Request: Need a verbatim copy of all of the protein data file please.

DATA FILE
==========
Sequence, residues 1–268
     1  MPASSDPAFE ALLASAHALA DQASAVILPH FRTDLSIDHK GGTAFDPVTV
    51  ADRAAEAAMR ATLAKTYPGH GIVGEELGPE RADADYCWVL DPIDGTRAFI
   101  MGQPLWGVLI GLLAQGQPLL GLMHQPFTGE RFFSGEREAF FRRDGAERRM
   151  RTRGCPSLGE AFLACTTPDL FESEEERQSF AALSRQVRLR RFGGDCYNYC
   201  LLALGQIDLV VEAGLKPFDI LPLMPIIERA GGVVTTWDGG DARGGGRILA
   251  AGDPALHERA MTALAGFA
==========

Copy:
Sequence, residues 1–268
     1  MPASSDPAFE ALLASAHALA DQASAVILPH FRTDLSIDHK GGTAFDPVTV
    51  ADRAAEAAMR ATLAKTYPGH GIVGEELGPE RADADYCWVL DPIDGTRAFI
   101  MGQPLWGVLI GLLAQGQPLL GLMHQPFTGE RFFSGEREAF FRRDGAERRM
   151  RTRGCPSLGE AFLACTTPDL FESEEERQSF AALSRQVRLR RFGGDCYNYC
   201  LLALGQIDLV VEAGLKPFDI LPLMPIIERA GGVVTTWDGG DARGGGRILA
   251  AGDPALHERA MTALAGFA